Queensland floods decimate native wildlife

Endangered species at the brink after Queensland floods

The endangered Julia Creek Dunnart may be pushed to the brink by the north Queensland flooding.

The endangered Julia Creek Dunnart may be pushed to the brink by the north Queensland flooding.


Cattleman shocked by flood's impact on native wildlife, general lack of life astounding.


CATTLEMAN Harry Batt has been belted harder than most by north Queensland's devastating floods.

But it's not the death of 70 per cent of his cattle that's shocked the lifelong grazier most.

It's the absence of living native wildlife on his 52,000-acre property, near Richmond, following the unprecedented monsoonal deluge.

"It's just been decimated," said Mr Batt, 51.

"I've been flying around in the helicopter for a couple of days and I've not seen one kangaroo, they're all dead."

Mr Batt's cattle station copped almost double its annual rainfall during the 12-day weather event, causing the local creek to become a two-kilometre-wide torrent.

"We had a screaming wind that slowly ramped up and by the last four days it was horrific - it went on for bloody days," he said.

"In the end, there wasn't much live stuff, you'd just see dead stuff lying everywhere."

"All the kangaroos, and bloody little marsupial mice and birds, they couldn't handle it."

The wide-spread losses don't surprise James Cook University wildlife biologist Stephen Williams.

But he warns the loss of so much wildlife risks damage to the broader ecosystem and its ability to recover.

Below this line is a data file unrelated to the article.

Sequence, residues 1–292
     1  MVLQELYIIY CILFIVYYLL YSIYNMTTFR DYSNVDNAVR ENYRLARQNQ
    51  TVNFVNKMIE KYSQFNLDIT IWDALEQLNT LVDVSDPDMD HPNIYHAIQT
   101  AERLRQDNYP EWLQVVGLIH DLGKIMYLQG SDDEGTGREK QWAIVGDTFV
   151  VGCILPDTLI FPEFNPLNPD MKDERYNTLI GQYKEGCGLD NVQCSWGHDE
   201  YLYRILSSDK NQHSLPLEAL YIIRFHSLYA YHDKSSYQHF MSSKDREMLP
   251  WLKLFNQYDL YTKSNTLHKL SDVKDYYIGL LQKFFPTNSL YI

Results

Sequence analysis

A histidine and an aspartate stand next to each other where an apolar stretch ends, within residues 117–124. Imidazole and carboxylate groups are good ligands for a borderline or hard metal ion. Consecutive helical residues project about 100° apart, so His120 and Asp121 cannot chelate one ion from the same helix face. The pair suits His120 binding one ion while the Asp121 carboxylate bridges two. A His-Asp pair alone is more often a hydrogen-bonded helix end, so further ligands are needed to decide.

"The healthy functioning of the landscape is sum product of everything that lives there - all of the insects, all of the birds and mammals," he said.

Prof Williams said kangaroos, rodents, hopping-mice, bandicoots and echidnas and dunnarts were all likely to have been impacted by the floods.

The endangered Julia Creek dunnart, whose range is limited to the Mitchell grass plains, much of which was badly flooded, may be one animal pushed to the brink.

"When you have such a large-scale flood that completely covers the landscape in many areas, there's not really anywhere small animals can get to - they'd be lucky to survive," he said.

"There's no refuge, there's nowhere to hide, so basically the whole population in that area probably gets wiped out."

But without before and after assessments it will be near impossible to determine how many animals had been lost, he said.

Australian Associated Press


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